Blinded by a Socialized Aversion to Democratic Organizational Procedure
If people are already prejudiced against meeting procedures to begin with, then they are more likely to have a closed mind to meeting procedures, which, in turn, prevents them from seeing their dual function. Consequently, they may see meeting procedures as obstructive rather than conducive to effective meetings. Then, it can become a vicious cycle, with confirmation bias reinforcing the socialized perception at a group level. This inhibits their motivation to learn meeting procedures in the first place. The result is that democratic organizational procedure (parliamentary law) is never truly given a chance to demonstrate its effectiveness in expediting meetings and protecting member rights simultaneously.
Parliamentary law and procedure took centuries to develop. It stands to reason that this process would not have been necessary if democratic meetings were naturally occurring in human social systems.
In general, the contemporary Lāhui embraces the historical legacy of 19th century Hawaiian patriotic societies, while simultaneously avoiding the common law of meeting procedures that they followed (i.e., general parliamentary law). Therefore, the desire to restore one of these historic societies today is misaligned with the prejudice against parliamentary procedure that is part of the social scripting of the current generation of poʻe aloha ʻāina (Hawaiian patriots). This misalignment decreases the likelihood that an historic Hawaiian patriotic society can be restored to its former level of acceptance without adhering to a similar standard of procedure which got it there. In turn, this lack of formal procedure may contribute to the longevity of the prolonged belligerent occupation of Ko Hawaiʻi Pae ʻĀina. The alternative is to accept that the procedure followed by the 19th century Hawaiian patriotic societies is "part of the package" if the desire is to fully restore one of them today.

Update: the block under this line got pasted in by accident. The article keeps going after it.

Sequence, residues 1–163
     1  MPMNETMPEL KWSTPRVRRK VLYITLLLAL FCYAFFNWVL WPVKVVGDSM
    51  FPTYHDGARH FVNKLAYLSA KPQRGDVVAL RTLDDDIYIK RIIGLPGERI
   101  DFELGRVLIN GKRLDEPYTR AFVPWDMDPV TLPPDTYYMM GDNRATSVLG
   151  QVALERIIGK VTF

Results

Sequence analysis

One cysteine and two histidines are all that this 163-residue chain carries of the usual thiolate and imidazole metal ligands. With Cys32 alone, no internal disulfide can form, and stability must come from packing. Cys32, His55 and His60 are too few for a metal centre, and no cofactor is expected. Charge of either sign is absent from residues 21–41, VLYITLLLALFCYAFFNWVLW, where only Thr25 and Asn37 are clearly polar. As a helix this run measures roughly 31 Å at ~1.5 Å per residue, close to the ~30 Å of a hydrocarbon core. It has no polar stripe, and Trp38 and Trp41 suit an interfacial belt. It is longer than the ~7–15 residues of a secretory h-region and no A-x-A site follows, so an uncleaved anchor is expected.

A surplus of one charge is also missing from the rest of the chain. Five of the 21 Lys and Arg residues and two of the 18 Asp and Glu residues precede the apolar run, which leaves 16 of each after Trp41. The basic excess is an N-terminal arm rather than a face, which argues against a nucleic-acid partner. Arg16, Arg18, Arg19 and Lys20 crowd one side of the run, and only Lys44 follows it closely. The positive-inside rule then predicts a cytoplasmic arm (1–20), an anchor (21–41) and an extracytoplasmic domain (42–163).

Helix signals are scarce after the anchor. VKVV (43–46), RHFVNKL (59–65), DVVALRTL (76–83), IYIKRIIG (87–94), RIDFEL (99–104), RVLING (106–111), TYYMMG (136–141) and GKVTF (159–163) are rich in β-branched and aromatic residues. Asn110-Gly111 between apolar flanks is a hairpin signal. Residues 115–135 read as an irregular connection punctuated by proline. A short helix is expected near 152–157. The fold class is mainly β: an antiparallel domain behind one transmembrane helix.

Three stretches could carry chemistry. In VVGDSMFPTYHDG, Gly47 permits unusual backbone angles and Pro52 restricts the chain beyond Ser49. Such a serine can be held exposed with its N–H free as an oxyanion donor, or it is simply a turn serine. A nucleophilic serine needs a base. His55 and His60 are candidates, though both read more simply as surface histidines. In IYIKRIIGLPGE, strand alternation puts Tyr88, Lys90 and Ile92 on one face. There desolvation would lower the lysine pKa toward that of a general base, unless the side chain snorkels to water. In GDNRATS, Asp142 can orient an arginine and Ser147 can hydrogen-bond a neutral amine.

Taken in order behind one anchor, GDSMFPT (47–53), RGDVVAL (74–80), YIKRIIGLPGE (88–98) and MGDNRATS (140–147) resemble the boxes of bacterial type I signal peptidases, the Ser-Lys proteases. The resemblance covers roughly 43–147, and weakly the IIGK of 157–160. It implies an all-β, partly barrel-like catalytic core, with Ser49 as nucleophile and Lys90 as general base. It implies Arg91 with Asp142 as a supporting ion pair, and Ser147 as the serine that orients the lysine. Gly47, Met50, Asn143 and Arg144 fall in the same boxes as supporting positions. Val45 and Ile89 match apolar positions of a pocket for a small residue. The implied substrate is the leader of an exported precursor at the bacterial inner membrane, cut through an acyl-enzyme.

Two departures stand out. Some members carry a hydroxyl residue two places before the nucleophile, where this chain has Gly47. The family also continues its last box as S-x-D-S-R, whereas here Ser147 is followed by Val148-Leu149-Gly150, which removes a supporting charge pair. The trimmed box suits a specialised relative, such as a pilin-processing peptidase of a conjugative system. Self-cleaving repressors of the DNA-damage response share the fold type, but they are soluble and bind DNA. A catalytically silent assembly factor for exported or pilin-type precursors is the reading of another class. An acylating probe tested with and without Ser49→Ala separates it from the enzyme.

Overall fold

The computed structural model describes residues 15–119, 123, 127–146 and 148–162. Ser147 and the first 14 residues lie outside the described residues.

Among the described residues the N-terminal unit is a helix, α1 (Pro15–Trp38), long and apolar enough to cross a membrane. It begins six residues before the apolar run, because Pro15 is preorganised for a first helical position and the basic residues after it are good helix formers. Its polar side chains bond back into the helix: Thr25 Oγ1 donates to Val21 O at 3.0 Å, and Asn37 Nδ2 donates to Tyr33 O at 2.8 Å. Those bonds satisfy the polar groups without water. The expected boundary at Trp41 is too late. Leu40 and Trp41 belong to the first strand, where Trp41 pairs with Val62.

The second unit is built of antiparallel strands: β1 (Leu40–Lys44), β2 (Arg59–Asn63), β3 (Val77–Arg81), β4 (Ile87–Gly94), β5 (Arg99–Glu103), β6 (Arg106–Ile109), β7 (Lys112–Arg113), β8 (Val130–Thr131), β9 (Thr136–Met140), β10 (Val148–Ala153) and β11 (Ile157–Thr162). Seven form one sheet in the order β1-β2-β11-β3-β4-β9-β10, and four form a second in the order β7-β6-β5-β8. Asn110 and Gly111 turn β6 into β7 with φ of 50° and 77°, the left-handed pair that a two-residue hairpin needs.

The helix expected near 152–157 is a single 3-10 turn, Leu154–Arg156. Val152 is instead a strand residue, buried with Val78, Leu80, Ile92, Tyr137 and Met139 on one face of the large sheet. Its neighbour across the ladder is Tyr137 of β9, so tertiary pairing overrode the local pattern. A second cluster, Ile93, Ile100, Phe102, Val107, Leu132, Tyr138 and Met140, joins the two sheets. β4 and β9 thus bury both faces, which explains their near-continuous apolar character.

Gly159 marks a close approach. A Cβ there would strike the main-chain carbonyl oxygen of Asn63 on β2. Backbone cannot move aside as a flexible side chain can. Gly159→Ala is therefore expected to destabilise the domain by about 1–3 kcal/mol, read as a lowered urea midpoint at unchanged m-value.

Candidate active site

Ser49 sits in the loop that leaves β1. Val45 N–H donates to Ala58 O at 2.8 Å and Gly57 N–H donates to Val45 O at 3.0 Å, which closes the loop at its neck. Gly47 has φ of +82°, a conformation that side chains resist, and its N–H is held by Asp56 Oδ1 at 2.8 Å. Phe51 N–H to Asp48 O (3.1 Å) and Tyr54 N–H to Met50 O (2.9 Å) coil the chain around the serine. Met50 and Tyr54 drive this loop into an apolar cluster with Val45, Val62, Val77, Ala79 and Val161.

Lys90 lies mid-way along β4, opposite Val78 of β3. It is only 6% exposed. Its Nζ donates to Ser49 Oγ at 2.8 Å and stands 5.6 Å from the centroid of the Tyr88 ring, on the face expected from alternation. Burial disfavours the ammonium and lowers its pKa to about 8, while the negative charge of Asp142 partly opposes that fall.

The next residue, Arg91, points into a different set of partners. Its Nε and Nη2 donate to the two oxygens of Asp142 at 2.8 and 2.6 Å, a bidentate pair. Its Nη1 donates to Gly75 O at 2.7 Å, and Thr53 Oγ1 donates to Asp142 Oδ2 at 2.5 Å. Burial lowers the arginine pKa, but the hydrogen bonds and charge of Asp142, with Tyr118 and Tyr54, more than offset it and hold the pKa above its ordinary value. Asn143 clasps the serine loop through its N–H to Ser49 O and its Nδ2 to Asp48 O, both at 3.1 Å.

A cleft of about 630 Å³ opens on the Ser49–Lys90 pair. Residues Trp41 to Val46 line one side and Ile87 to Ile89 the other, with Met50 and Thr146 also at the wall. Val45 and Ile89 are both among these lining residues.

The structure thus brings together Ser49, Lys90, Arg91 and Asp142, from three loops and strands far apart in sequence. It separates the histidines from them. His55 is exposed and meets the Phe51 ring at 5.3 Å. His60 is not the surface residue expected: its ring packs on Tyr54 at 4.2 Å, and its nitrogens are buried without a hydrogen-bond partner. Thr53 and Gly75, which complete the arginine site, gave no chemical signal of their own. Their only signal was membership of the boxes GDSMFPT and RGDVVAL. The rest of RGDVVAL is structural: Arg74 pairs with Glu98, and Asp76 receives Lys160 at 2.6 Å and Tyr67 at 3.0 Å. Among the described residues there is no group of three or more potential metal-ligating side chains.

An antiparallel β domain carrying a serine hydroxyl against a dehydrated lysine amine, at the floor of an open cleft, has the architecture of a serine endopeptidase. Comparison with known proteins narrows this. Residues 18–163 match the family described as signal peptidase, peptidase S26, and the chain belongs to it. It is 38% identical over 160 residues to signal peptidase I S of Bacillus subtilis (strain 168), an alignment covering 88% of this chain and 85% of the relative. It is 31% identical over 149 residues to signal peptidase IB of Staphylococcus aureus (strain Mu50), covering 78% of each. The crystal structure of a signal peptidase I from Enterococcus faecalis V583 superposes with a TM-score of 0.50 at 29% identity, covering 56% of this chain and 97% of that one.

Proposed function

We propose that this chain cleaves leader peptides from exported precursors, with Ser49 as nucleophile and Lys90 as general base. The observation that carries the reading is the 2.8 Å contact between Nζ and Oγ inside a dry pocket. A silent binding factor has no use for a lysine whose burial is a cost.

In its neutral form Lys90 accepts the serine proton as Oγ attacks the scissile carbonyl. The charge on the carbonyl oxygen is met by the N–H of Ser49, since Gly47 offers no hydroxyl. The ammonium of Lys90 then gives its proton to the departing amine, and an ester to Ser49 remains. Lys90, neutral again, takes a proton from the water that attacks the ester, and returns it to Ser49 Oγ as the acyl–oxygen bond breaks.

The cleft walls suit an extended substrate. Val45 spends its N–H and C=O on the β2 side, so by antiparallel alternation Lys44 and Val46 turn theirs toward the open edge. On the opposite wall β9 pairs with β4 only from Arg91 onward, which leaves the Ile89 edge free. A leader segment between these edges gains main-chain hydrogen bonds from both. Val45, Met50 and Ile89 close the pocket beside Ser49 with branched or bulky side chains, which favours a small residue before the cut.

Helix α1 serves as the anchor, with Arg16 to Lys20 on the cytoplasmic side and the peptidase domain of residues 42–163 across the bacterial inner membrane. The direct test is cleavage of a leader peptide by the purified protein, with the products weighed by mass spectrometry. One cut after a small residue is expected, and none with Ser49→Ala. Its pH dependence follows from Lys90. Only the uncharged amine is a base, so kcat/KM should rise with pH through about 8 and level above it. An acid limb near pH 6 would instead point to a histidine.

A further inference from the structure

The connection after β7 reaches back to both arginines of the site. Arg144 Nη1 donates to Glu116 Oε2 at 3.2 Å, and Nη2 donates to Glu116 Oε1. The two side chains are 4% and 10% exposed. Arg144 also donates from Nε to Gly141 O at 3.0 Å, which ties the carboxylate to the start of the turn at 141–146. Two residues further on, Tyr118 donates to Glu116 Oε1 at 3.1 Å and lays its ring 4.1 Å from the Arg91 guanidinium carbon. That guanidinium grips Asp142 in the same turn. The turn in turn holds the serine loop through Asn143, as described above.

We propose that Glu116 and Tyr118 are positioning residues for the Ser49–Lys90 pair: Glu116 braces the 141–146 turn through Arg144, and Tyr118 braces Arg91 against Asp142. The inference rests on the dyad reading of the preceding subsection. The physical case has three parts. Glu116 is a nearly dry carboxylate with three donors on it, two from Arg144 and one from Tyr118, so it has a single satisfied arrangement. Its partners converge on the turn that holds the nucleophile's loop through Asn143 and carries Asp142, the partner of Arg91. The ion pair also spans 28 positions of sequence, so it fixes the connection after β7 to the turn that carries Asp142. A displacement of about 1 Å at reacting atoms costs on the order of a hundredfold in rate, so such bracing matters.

Transplanted Operating System
Parliamentary law and procedure was the operating system used by the 19th century Hawaiian patriotic societies and political parties. Today, social media is the prevailing operating system used by the Lāhui. Therefore, it remains to be seen whether an historic Hawaiian patriotic society of the 19th century can be restored to its former presence by relying primarily on social media in lieu of meeting procedures, i.e., democratic organizational procedure. Social media has existed for two decades. Parliamentary procedure began developing more than seven centuries ago and is rooted in antiquity.
Since written exchanges through electronic mail and social media do not allow for simultaneous communication between everyone participating in a discussion, such asynchronous communication does not qualify as a deliberative assembly. Therefore, without a deliberative character, such group exchange cannot arrive at decisions democratically, nor as efficiently.